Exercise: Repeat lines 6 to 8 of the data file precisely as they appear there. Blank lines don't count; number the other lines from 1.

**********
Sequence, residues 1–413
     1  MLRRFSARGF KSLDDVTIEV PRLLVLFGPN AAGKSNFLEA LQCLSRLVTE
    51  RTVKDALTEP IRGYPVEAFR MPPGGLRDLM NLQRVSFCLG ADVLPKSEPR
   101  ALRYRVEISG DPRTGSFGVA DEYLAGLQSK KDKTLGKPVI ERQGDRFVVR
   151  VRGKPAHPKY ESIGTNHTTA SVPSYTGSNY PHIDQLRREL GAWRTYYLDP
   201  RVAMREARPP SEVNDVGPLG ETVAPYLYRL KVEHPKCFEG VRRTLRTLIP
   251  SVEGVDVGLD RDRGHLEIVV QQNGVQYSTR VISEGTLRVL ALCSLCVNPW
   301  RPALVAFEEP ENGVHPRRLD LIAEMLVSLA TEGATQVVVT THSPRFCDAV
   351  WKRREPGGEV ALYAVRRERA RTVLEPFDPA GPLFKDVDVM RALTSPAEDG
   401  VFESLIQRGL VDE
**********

   201  RVAMREARPP SEVNDVGPLG ETVAPYLYRL KVEHPKCFEG VRRTLRTLIP
   251  SVEGVDVGLD RDRGHLEIVV QQNGVQYSTR VISEGTLRVL ALCSLCVNPW
   301  RPALVAFEEP ENGVHPRRLD LIAEMLVSLA TEGATQVVVT THSPRFCDAV